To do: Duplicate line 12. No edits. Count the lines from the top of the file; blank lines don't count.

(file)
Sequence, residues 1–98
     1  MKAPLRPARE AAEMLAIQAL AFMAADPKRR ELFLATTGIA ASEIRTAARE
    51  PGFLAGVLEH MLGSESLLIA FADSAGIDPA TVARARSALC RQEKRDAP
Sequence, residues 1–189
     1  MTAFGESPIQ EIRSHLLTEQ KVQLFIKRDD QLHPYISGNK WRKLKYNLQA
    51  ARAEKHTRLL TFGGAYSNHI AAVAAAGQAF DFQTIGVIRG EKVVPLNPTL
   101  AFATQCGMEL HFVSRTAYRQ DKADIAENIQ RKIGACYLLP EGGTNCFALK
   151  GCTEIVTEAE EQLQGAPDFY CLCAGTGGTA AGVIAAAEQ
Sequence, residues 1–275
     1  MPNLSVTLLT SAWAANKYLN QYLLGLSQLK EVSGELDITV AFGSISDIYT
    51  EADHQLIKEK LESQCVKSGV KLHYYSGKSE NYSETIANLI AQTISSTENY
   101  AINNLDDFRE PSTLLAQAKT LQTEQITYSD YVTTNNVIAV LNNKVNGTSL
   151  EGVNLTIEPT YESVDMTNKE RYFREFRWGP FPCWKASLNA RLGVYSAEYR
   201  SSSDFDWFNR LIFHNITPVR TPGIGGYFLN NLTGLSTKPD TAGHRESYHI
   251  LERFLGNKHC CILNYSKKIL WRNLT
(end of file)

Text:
   101  AINNLDDFRE PSTLLAQAKT LQTEQITYSD YVTTNNVIAV LNNKVNGTSL